Yeah, so like, I get the email, like, drip campaign? Yeah. Yeah. So you know, we, we use a variety of content, mostly for our drip campaigns, it's all original content to us, you know, whether that is, you know, original blog posts, or, you know, videos that will do so primarily in the cotton, the emails that we send out, it's mostly original content. That being said, for like our, like the newsletter that we put out, that's aggregating content from all over the place from from different sources. So we definitely do a combination. But you know, when we're trying to kind of front load our potential investors, we want, we want to front load as much value as we can you to them. And if that's coming from us, we feel like that's even better. But I think as long as you know, you're setting something, something's better than nothing. Yeah, right.


Brian Briscoe 26:35

Right. Yeah. I like the original content, especially up front. I mean, if you keep on pointing them to other directions, they're gonna go off there, they're gonna go off in other direction, you know, yeah. If you're, if you're the one that's creating the content, and you're giving them original content, there, they're more likely to stick with you.


Spencer Gray 26:51

Yeah. And I think it just goes to show that, you know, you have just robust amount of information, and the fact that they're going to be consuming that information written by you, you know, there's that thought of, Okay, well, they know this, they're the expert on this, they're not delegating this out to some other sources writing it, they know what they're talking about.


Aharon Goins 27:09

So my next question is, and is more basic question, but how do you start start off by finding new investors?


Spencer Gray 27:16

Yeah, so we have a lot of different kind of lead magnet magnets, and I guess a lot of different, a lot of different things going on. So you know, we have all of our original content that we put out just organically. So whether that's we have a YouTube channel, we're going to be launching a podcast here in the next couple weeks, you know, our website that's going to be coming out as well, which isn't like a direct marketing platform for us. But the idea is to kind of eventually, you know, funnel people over to the gray Capitol website. And we also do a lot of, we do some paid ads. So we do a lot of Google paid ads, as well search ads, display ads, YouTube ads. So you know, we have a lot of different ways for investors to get in touch with us going on podcast is a great way, podcasts are just amazing, because it allows, you know, potential investor to kind of get to know you to kind of get your thought thought process. And if that resonates with them, you know, when they get in touch with you, they're getting in touch with you, because they like what you said, and they've already kind of sold themselves on you. They're just trying to get more information. So I think that that's, you know, a great way to kind of get yourself out there. And then you know, just being an active participant, you know, whether that's on bigger pockets or LinkedIn or on a Facebook group, you know, like, Brian, you're very active on LinkedIn, you've been active on bigger pockets. I'm pretty active on bigger pockets. I'm active on LinkedIn, I could be more active, but just being, you know, like, there's old saying, you got to circulate to percolate, you got to be out there, you have to be present. And, you know, there's a lot of people getting in this space, a lot of syndicators, a lot of capital raisers. And I think, you know, obscurity is the biggest enemy, because when an investor decides they want to invest in multifamily, it's, you know, who do they know, who have they heard of what name they've they seen, and they're gonna look up that person, they're not going to necessarily seats, continue to search and search and search and find you, you have to keep popping up to be on the top of mind. So that leaves a lot of just consistent material being put out. So when they do make that decision, okay, I'm going to take this step, I want to get in touch with a couple sponsors, who are the sponsors that I know, well, you know, these two or three guys, they've popped up enough, I'll get in touch with them. Yeah, I've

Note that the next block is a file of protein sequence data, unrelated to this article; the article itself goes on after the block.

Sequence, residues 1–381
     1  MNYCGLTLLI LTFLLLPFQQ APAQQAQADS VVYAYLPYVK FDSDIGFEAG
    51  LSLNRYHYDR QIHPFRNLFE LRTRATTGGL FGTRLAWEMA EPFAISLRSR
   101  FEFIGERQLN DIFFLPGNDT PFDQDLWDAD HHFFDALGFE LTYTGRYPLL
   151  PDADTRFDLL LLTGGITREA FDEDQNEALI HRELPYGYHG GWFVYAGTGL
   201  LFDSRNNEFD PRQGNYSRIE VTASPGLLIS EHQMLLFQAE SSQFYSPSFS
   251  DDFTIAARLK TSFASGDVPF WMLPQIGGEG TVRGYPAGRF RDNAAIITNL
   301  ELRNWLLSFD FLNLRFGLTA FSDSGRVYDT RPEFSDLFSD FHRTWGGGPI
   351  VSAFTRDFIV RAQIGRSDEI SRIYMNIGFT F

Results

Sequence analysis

Brian Briscoe 29:25

had people speaking, I'm just just, you know, adding on to what he said, I've had people call me up and say, I feel like I know you already. You know, I've never talked with them. But they they've heard this podcast, or they've heard me on other podcasts, or they follow me on LinkedIn. And I get a lot of calls where, hey, let me introduce myself. Like, you know what, I know you. So let me introduce myself. I've had several conversations start out that way. And the other thing about you know what he's saying that the LinkedIn presence, you know, a lot of the people like yesterday, I had somebody call me I haven't seen him in three years haven't heard from him. Three years he was my neighbor in San Diego called me and said, Hey, Brian, I got some questions for you, you know, and you know, people who you've been connected with a long time ago, they're going to start seeing it, you're going to start seeing you in a different light. And you're no longer in my case, I've stopped being Brian, the Marine, and I'm now Brian D. Apartment investor. So yeah, Mike,


Spencer Gray 30:25